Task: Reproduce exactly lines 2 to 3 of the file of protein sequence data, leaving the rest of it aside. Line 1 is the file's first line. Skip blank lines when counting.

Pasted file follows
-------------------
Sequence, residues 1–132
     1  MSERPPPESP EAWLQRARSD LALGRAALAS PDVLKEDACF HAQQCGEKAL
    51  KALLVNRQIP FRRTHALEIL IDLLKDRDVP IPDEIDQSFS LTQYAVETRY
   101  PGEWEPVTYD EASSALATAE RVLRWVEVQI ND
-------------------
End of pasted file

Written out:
     1  MSERPPPESP EAWLQRARSD LALGRAALAS PDVLKEDACF HAQQCGEKAL
    51  KALLVNRQIP FRRTHALEIL IDLLKDRDVP IPDEIDQSFS LTQYAVETRY